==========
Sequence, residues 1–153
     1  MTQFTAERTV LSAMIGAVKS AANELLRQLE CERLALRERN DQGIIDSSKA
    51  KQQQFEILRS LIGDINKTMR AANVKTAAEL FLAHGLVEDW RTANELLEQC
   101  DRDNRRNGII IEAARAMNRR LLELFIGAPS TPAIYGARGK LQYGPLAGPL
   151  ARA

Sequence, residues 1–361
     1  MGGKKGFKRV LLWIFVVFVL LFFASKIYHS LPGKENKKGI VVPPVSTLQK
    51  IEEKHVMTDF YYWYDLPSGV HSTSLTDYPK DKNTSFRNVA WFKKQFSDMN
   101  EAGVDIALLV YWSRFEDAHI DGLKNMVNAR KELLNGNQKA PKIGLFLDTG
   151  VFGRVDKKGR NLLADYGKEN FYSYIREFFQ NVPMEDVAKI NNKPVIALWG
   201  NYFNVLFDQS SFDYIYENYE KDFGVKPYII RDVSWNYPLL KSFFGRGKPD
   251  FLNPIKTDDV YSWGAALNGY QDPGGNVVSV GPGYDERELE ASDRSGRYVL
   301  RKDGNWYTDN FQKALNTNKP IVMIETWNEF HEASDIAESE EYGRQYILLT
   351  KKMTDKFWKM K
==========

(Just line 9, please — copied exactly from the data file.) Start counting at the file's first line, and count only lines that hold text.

   101  EAGVDIALLV YWSRFEDAHI DGLKNMVNAR KELLNGNQKA PKIGLFLDTG